Fightback from major role players in South Africa’s tobacco value chain, together with some civil rights organisations, against government’s ongoing ban on the legal trade in tobacco products is rapidly gaining momentum.
The illegal cigarette trade in South Africa has been rife during the lockdown regulations imposed to contain the coronavirus disease (COVID-19) pandemic, and resultant restrictions placed on the sale of tobacco products.
Farmer’s Weekly previously reported that TAU SA had issued a formal request to President Cyril Ramaphosa to urgently establish a judicial commission to investigate the illegal trade of cigarettes during lockdown period and uncover the parties involved.
The Black Tobacco Farmers’ Association (BTFA) had also issued a statement accusing government of being “in bed” with tobacco bootleggers and of having “done a deal with the devil”.
The statement added that South Africa’s black tobacco growers were on the verge of financial ruin, due to the ongoing ban and as a result of competition from illicit tobacco products being sold on the black market during the lockdown period.
Civil rights organisation, AfriForum, announced that it had served a lawyer’s letter on the Minister of Co-operative Governance and Traditional Affairs, Dr Nkosazana Dlamini-Zuma, to inform her that it would be taking legal action if the ban on tobacco products was not urgently lifted.
Sinenhlanhla Mnguni, chairperson of the Fair-trade Independent Tobacco Association (FITA), said on Friday: “We have today received a directive from the Pretoria High Court that our matter will be heard on 9 and 10 June before a full bench of the High Court.”
Information provided by FITA said that the association was challenging the tobacco ban and the reasons given therefore by Dlamini-Zuma and other members of the National Coronavirus Command Council.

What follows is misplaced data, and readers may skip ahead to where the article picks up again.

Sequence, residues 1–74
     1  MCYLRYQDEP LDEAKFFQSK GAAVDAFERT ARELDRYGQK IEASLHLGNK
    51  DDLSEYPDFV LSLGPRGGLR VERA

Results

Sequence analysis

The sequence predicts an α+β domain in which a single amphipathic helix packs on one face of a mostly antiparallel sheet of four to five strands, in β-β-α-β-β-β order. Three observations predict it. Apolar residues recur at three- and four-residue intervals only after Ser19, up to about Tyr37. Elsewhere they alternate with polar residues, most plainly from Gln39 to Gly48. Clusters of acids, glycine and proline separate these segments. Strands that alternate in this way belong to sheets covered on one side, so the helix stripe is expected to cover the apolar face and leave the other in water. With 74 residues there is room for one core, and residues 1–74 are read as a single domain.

The country’s largest private tobacco manufacturer, British American Tobacco South Africa (BATSA), announced that it too, with support from Japan Tobacco International and other representatives of the country’s tobacco value chain, had started urgent legal proceedings to fight the ban.
“BATSA has made every effort to constructively engage with the government since the ban came into force, including making detailed submissions […] to various ministers as well as directly to the Presidency. To date, no formal response has been received from government, and BATSA has also not been included in any of the government’s consultation processes so far,” BATSA said in a statement.
With regard to the illicit trade in tobacco products, Christo van Staden, managing director of Limpopo Tobacco Processors (LTP), said: “The tobacco industry as a whole has been under pressure for some time now, due [mainly] to the fact that before the lockdown started the total market already consisted of approximately 40% illicit products.”
LTP processed tobacco leaf acquired from various tobacco farmers, and sold more than 80% of this to BATSA.
He added that should the ban on tobacco not be lifted soon, a significant number of tobacco producers would have no option but to reduce the size of their operations or cease operating all together.
“This has the potential to significantly increase the number of unemployed workers, particularly in rural areas.”
LTP represented 100 commercial farmers who produced 11 million kilograms of tobacco, and 150 black developing farmers who produced 250 000kg of tobacco per annum.
In addition, Van Staden said the ban on tobacco had resulted in many consumers resorting to supporting the illicit trade in order to obtain tobacco products.
“Should the ban on tobacco not be lifted immediately, consumers will continue to use illegal products, which will further grow the already high illegal tobacco product production and sales in South Africa and will continue to cost the fiscus billions of rand.”
In a statement, Agri SA appealed to government to investigate and act on the illegal trade of tobacco products and called for the ban on the formal trade of tobacco products to be lifted.
“The state loses taxes to the tune of R1,5 billion monthly. The only winners are those benefitting from the illicit trade. Surely this is not assisting our efforts to prevent the virus from infecting more and more people and the economy from recovering from the lockdown,” Agri SA said in a statement.